This session is presented by Adnan Sahin. I googled him when I first met him. His name is on 13 patents relating to various storage technologies. I have asked him many performance questions on how to make VMAX scream. He currently works in Performance Engineering.
Objectives for this session:
1. Understand VMAX cloud edition architecture and components
2. Understand performance considerations.
3. Understand restful API and integration with orchestration.
Guiding Principles of VMAX Cloud Edition
Secure multi tenancy
Tenant performance isolation and control
Management isolation and role based management
Simplified management via abstracted entities
Manage applications instead of volumes
Use Tenant language rather than storage specific or array specific language
Integration with orchestration software via Rest API’s
I like the use of tenant language, today we use all the technical terms like fa ports, meta volumes, tdats. Moving to terms that our customers use like disk, datastore, drive may be useful.
Cloud edition is hardware and software. Cloud command center is provided by EMC. Your VMAX is connected via secure VPN similar to ESRS. No data will leave the data center, just management information and configuration. You would access Cloud Command via https.
The self service portal being ran in the command center allows for management, chargeback, and reporting. Data warehouse maintains storage resource usage and mapping between tenants and resources they are using. It is the source for reporting and chargeback.
Coordinator determines what resources are used from the data warehouse. It also applies reservations and commits. It uses placement rules and policies, like tenants only being aloe to use certain data centers or arrays. Enforces approvals. Creates execution plans and limits available service levels by tenants.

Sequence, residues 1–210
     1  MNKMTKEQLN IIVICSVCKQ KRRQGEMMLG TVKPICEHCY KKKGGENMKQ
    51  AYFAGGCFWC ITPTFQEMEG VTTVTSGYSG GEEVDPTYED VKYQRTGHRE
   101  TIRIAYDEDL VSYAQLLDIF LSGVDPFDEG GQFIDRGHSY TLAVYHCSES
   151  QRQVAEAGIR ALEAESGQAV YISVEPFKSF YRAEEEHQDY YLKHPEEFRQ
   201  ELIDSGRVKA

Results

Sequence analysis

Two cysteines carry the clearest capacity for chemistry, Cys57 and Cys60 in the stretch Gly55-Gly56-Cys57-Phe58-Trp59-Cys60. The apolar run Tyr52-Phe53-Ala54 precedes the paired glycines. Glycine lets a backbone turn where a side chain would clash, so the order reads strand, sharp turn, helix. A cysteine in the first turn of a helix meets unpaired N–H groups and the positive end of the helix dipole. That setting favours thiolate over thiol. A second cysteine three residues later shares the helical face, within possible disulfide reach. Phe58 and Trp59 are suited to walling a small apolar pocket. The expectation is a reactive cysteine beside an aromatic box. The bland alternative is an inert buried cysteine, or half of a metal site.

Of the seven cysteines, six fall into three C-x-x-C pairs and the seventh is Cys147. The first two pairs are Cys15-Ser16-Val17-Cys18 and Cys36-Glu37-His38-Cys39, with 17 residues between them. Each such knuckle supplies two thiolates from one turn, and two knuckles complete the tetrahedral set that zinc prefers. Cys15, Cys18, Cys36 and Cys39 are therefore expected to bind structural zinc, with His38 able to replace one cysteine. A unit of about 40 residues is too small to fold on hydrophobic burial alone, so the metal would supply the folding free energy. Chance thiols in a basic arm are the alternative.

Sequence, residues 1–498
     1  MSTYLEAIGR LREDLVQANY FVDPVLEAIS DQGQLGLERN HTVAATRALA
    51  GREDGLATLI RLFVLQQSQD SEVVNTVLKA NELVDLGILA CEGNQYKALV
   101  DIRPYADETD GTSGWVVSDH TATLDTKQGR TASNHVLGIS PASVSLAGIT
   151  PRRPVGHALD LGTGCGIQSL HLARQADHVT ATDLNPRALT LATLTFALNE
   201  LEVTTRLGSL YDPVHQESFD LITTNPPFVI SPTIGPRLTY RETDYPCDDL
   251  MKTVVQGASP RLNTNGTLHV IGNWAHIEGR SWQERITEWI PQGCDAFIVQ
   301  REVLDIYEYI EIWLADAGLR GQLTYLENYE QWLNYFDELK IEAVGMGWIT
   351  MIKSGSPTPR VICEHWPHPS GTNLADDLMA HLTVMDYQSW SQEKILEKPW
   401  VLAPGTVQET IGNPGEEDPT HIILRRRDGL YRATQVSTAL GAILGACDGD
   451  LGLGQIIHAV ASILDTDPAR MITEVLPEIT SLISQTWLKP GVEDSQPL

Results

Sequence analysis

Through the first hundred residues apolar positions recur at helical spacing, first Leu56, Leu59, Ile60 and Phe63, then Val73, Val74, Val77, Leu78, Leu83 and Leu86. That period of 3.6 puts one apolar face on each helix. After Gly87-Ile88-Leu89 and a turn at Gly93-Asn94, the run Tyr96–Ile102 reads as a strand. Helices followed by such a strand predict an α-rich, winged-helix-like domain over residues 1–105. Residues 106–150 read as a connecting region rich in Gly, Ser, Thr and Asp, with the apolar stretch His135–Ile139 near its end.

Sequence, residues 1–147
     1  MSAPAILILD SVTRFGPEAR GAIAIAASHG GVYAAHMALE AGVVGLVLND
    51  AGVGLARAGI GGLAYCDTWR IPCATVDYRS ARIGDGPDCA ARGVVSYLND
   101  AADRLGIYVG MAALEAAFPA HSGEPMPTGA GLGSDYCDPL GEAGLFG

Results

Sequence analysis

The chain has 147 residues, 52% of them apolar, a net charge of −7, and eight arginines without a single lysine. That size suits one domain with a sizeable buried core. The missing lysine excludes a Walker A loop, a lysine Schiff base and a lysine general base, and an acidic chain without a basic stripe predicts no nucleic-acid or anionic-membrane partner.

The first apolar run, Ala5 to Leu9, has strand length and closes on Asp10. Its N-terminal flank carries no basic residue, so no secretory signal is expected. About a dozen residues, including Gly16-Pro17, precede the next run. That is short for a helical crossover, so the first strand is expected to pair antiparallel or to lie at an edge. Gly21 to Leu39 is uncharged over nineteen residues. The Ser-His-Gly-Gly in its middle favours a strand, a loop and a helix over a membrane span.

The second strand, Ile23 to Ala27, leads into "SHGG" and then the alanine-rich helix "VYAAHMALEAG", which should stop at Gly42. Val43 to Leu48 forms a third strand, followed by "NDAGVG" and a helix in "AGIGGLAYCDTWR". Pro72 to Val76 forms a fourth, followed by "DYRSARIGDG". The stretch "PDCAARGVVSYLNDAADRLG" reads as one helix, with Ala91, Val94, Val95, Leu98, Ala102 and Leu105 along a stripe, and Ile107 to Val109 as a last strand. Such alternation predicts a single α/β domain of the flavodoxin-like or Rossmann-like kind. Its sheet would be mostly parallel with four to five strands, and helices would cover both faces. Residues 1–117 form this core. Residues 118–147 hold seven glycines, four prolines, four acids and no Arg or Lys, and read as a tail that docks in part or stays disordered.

Automation engine uses the execution plan from coordinator. It executes array and SAN switch. commands. It also provides rollback if plan fails. You cannot use any additional tools other than the single solutions enabler. No prosphere, UniSphere, or symcli.
Collector collects configuration information. Capacity usage, zones, etc.
Metrics used for I/O workload definition. I/O rate and size, read/write, cache hit/miss, sequential/random, bursts/sustained, skew. Know these terms and you will be rewarded. I use iometer to play with the effects of these and do some of my own performance engineering. Skew and burst/sustained are hard to get. We should all know our io size and io rate.
I/O density is I/O per second per GB. Ie 500 IOPs over 1000 GB will be 0.5 IOPs/GB. Data warehousing is usually large io size, mostly sequential. OLTP is usually small i/o.
Each service level corresponds to a specific performance capability in terms of IO density. Service level designer will help you identify the right service level for your workload profile. Service level designer looks really nice and easy to use. Basic and advanced type interfaces depending on what metrics you know.
You buy drive packs that have SATA, SAS, and EFD. As you move up in service levels the mount of EFD increases, as you move down you have more SATA. More FA ports granted as service level increases. Bronze 2 FA’s, silver 4 FA’s, gold and higher 8 FA’s..
Service levels and capacity are linked. If you double the capacity you get double the performance. Forcing the consumption of performance and capacity in proportion. This helps those tiny work loads from running away and leaving no performance for the remaining capacity. Modern short stroking.
Users can change service levels. This is a big deal. Moving between service levels I think is a key feature requirement for cloud. The system will automatically change fast policy, fa count and port count, and host io limits.
Rest API supporting get, put, delete, etc.